Hillary Clinton is expected to release the delegates she won in the primaries later in the week, and encourage them to support Obama.
"Now I understand that the McCain campaign is running ads trying to divide us," Clinton told New York Democrats at a pre-convention breakfast, according to the Associated Press.
"I'm Hillary Clinton, and I do not approve that message," she added, to laughter and applause.
Democrat strategists said the Republicans are making more of a Clinton-Obama divide than actually exists.
"Barack Obama and Hillary Clinton are working very, very well together," Democrat strategist Tony Welsh told CBC News.
"I think the Republican dream, if they could have anything, it would be that we spend a lot of time discussing the so-called rift between them, but it's not there…. When voters are actually making a decision about who's best to lead this country, I think our folks are going to side with Obama and Biden for sure."
To further improve goodwill, the Democrat committee agreed to restore full voting rights to delegates from Florida and Michigan. They had been stripped of their voting rights at the convention because they held primaries earlier than the Democratic Party rules allowed.
Michelle Obama delivers keynote speech
Opening night also featured a keynote speech by Obama's wife of more than 15 years, Michelle Obama. She was expected to give insight into the personal life that she and her husband share.
"They're hoping this convention brings to the American people the real Obama," said the CBC's Henry Champ, who is covering the convention.
"The idea is that Michelle will be humanizing the candidate, talking about his life not only in politics, but also the kind of man he is and why she, his wife, thinks he ought to be president."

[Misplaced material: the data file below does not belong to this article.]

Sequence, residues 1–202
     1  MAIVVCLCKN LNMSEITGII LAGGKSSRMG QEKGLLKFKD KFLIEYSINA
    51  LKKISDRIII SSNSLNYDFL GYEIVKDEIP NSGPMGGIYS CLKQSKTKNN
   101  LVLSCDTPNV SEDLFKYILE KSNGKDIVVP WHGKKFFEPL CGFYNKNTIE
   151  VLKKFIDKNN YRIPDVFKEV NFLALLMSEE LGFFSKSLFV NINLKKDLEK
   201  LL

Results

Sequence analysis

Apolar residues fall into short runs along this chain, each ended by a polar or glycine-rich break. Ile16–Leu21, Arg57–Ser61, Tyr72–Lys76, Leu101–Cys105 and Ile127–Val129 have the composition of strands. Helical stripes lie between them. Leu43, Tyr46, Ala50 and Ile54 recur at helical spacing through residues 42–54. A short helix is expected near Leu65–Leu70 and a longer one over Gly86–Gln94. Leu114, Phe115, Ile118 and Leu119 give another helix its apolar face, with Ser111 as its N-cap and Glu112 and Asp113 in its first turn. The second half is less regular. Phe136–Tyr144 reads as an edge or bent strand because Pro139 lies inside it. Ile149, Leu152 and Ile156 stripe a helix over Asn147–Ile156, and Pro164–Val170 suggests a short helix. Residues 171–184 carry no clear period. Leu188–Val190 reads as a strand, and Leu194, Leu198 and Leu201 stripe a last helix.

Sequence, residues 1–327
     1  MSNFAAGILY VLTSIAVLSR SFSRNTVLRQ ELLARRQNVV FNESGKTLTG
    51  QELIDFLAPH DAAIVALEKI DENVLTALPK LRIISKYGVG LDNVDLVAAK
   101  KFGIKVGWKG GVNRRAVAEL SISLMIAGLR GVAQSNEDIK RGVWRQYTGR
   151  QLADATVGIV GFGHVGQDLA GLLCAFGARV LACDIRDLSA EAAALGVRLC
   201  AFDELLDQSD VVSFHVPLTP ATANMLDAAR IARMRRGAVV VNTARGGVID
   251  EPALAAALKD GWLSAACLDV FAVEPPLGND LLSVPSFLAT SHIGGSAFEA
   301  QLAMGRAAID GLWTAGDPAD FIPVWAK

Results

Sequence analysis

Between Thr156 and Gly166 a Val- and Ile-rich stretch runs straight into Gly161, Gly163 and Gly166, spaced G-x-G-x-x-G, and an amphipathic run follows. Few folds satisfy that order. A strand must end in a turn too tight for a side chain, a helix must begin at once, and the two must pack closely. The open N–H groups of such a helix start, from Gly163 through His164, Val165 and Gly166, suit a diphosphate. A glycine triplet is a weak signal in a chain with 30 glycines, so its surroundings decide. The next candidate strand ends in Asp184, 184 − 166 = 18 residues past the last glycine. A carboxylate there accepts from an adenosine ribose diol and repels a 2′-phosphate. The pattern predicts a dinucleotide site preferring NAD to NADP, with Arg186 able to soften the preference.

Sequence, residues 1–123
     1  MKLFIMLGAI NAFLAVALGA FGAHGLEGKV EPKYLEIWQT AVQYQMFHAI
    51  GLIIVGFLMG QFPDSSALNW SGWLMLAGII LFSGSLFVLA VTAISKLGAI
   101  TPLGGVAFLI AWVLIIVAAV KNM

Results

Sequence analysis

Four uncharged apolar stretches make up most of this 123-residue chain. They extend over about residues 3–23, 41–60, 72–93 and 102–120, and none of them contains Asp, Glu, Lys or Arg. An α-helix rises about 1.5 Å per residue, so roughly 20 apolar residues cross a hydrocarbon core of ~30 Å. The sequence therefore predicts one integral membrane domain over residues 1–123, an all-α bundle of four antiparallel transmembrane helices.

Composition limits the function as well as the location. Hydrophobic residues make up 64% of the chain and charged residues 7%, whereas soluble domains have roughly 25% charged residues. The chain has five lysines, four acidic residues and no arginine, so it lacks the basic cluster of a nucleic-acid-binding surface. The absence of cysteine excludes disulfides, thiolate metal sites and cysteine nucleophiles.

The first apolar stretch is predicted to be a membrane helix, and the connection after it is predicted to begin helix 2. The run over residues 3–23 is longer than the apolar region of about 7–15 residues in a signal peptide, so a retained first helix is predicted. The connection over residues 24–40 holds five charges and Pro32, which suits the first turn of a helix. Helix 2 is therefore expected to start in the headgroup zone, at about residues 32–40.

Republicans have sought to portray Barrack Obama as an Ivy League-educated elitist who doesn't have firm roots in the U.S. His mother was from Kansas and his father was from Kenya, and he was raised in Hawaii and Indonesia.
But Obama has stressed that he comes from a middle-class background and went to Harvard and Columbia on scholarships. He has said he and his wife struggled to pay off student loans and pay for child care.
"Our stories are the quintessential American stories," Michelle Obama told CNN on Monday, according to AP. "I am here because of the opportunities that my father had, that my mother had. You know, we are who Americans were supposed to be."
Other speakers Monday night include Obama's sister, Maya Soetero-Ng, and Craig Robinson, his brother-in-law. The schedule includes a surprise speaker, former Iowa congressman Jim Leach, a Republican moderate who broke ranks with his party this month and endorsed Obama.
Obama, who is campaigning in the Midwest and will not arrive at the convention until Wednesday night, will close the convention Thursday night at Denver's Mile High Stadium, where he will give his speech accepting the Democrats' nomination from the 50-yard line.
With files from the Associated Press